The influx of new traders from the late 1990s has drawn accusations of collusion between cashed-up entrepreneurs and greasy-fingered officials. As recently as last September, the national daily Post-Courier ran a front page story warning of an 'alien influx' of illegal migrants who were undocumented by government authorities. The investigation by PNG Customs linked some of them to criminal enterprises and confirmed that many, but not all, were from mainland China, the paper reported.

"I don't think people come in illegally, they become illegal, says Smith. "They'll come in sponsored by a company. They may work for that company at the beginning for a year or two. And then they will go and try and start their own business. And at that point they should then technically go in to the people who look after work permits - but they don't. Because it's expensive, and they think 'well I've already paid my money when I first arrived. Why should I pay more money just to change towns within PNG?' And that's usually when they become illegal."

For those such as the woman quoted at the start of this article, trying to pay school fees and make ends meet, it's easy to see how a visible presence of successful outsiders in large numbers could be threatening, even a source of humiliation. The fact that many may feel their lack of success and wealth is in part due to being out-competed by a distinct and apparently organised group of entrepreneurs increases that sense of being 'overrun' as remote leaders look the other way. 

But the riots referred to above are a combustible mix not only of feelings of resentment and injured national pride but also opportunistic motives and scapegoating. 

"I think there is an element of racial tension," Smith agrees.  "But also it's just a function of the way the structure of places like Goroka have changed. You do have a lot of people coming in from the countryside, a lot more people who are really struggling and they've got to have some kind of outlet. And what better than a riot and a chance to go shopping."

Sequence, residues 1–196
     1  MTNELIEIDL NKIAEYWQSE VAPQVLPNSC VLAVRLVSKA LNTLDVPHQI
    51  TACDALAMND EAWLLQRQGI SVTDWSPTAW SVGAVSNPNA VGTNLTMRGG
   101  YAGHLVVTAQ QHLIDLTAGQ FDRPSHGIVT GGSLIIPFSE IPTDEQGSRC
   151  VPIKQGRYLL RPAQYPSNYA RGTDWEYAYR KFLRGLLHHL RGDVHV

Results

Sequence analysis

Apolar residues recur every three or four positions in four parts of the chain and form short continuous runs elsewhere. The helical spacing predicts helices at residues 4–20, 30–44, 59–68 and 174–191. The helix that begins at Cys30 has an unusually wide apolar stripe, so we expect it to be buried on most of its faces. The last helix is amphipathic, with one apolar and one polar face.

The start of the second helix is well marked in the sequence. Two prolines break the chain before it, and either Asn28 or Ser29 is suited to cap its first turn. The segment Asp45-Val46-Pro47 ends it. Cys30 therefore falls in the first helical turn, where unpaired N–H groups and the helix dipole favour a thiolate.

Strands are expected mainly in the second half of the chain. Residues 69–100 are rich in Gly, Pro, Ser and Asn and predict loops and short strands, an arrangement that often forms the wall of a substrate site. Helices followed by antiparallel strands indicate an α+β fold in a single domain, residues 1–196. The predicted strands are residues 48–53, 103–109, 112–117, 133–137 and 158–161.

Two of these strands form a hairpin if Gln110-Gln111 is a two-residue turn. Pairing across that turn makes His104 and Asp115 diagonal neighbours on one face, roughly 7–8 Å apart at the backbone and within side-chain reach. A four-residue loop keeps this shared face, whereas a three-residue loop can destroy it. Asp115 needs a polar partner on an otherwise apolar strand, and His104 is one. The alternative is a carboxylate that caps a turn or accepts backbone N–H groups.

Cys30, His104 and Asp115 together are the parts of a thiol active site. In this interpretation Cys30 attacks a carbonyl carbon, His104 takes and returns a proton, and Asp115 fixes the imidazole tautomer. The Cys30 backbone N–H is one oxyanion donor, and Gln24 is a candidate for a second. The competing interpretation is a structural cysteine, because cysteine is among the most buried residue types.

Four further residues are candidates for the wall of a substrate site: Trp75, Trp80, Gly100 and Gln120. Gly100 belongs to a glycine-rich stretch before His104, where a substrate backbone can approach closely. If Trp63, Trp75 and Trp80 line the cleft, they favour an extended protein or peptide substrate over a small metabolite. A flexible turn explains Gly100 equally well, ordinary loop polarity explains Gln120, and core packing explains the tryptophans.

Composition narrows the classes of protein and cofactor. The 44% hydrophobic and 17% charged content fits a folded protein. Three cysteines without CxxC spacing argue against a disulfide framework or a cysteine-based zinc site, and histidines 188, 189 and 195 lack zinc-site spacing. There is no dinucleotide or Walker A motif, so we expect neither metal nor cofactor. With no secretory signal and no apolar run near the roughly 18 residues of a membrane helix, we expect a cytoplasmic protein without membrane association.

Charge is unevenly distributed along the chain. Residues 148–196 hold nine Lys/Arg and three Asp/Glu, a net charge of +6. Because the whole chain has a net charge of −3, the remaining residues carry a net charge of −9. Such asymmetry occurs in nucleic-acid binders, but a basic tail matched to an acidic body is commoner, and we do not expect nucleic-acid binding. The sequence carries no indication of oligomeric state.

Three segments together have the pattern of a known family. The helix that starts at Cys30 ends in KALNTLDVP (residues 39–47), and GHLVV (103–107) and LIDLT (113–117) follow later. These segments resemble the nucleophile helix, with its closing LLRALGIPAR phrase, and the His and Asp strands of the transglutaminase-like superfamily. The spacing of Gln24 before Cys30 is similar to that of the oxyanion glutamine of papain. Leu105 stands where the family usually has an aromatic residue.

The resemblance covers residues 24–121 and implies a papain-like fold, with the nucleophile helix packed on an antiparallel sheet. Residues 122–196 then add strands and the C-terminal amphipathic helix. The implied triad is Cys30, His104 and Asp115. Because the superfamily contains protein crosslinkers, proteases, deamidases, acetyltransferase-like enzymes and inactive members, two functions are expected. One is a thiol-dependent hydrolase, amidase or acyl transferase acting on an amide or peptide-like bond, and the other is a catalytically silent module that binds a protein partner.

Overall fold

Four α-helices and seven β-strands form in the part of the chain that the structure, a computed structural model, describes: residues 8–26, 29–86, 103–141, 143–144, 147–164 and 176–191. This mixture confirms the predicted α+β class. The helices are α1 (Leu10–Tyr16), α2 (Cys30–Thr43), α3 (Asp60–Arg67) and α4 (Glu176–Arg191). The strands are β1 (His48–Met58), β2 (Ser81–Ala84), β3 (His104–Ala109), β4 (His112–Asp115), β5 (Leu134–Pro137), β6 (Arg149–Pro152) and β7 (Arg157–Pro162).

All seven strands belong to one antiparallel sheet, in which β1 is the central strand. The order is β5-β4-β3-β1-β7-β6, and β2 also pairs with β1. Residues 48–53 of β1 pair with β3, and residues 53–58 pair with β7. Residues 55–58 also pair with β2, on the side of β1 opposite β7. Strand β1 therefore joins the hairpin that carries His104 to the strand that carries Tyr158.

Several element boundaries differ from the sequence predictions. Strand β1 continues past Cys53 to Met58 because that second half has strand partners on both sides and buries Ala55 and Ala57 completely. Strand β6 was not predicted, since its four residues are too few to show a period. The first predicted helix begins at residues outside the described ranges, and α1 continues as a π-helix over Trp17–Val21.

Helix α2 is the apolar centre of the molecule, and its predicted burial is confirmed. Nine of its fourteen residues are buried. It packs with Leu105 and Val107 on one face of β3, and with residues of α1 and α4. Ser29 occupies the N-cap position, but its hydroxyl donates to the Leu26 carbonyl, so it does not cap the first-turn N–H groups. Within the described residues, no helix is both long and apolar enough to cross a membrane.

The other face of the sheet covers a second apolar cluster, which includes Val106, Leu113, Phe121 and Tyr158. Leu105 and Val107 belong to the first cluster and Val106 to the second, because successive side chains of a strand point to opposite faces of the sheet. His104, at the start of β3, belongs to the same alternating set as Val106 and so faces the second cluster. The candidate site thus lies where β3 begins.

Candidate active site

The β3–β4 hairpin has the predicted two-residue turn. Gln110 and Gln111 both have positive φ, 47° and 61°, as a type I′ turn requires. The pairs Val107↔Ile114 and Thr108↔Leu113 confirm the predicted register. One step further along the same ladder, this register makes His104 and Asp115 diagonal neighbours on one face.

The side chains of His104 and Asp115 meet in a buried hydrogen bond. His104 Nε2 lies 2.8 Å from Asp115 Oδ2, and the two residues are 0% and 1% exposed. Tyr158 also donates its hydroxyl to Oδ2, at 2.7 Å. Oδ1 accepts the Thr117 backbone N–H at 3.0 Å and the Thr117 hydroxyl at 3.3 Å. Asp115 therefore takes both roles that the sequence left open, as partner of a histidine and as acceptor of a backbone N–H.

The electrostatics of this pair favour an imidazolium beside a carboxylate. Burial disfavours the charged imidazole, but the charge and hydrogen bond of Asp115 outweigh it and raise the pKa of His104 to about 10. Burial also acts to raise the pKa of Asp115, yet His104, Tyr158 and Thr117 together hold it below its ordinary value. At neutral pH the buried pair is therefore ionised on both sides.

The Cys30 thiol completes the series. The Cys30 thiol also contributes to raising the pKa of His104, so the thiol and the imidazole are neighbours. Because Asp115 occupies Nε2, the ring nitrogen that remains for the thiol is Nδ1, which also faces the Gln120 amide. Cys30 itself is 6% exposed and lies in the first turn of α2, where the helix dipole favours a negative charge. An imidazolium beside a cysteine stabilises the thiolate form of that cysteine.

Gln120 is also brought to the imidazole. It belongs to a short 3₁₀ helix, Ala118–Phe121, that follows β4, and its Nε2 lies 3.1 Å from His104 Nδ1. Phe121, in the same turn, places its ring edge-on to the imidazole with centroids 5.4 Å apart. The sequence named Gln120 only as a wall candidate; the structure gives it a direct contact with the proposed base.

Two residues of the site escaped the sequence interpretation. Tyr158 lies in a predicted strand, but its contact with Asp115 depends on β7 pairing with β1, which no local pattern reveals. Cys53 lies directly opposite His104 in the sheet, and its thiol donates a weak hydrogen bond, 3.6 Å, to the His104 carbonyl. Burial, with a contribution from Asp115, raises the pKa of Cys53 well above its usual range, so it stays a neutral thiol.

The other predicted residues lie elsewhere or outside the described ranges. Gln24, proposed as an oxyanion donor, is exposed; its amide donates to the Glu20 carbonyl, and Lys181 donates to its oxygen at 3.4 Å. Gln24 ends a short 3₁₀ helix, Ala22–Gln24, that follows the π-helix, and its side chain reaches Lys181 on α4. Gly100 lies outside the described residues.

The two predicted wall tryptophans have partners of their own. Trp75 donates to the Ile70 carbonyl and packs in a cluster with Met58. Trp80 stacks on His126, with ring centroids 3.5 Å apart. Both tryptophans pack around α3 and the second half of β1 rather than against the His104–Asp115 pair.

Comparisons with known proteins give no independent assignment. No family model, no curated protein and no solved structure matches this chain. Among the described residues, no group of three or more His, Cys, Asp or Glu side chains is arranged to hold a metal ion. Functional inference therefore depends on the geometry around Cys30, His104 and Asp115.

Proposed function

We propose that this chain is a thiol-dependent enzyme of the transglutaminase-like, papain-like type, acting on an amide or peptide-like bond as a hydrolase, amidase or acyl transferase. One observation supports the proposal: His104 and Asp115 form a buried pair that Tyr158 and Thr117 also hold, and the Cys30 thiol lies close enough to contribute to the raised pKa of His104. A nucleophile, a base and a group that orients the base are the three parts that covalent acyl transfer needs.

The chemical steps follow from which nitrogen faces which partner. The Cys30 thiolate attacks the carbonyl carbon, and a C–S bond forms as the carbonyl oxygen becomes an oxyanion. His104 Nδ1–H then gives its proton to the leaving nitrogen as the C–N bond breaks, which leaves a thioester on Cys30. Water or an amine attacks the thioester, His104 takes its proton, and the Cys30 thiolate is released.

He notes that trading stores have long provided this outlet, sometimes without the racial element: "This happened in the seventies as well when the Chinese weren't running the stores in the highlands, when it was Papua New Guineans and they still ended up getting their stores torched."

Apart from an opportunity to go shopping, a number of small traders who supported the looting saw it as having a political element: an aggressive warning to elected leaders, if they cared to listen.

"They're a proxy for the way governance is going  - or not going - in PNG," says Smith. "People [are] taking their frustrations out on the easiest target - which is these shops."

These symbolic warnings in recent years have left behind physical and human wreckages from Dili to Nuku'alofa and back to Honiara. And once young men stand in awe of their own power, they may decide to sub-contract their services to political paymasters. With police already extorting from shop owners, the so-called spontaneous outbursts by settlement youths are ready to be transformed into political acts when the stakes are higher.

"The one thing all shopkeepers fear are elections. It's the worst time for them, in terms of robberies," Smith warns. "It's a time of greatest insecurity because they know they're used as a political football."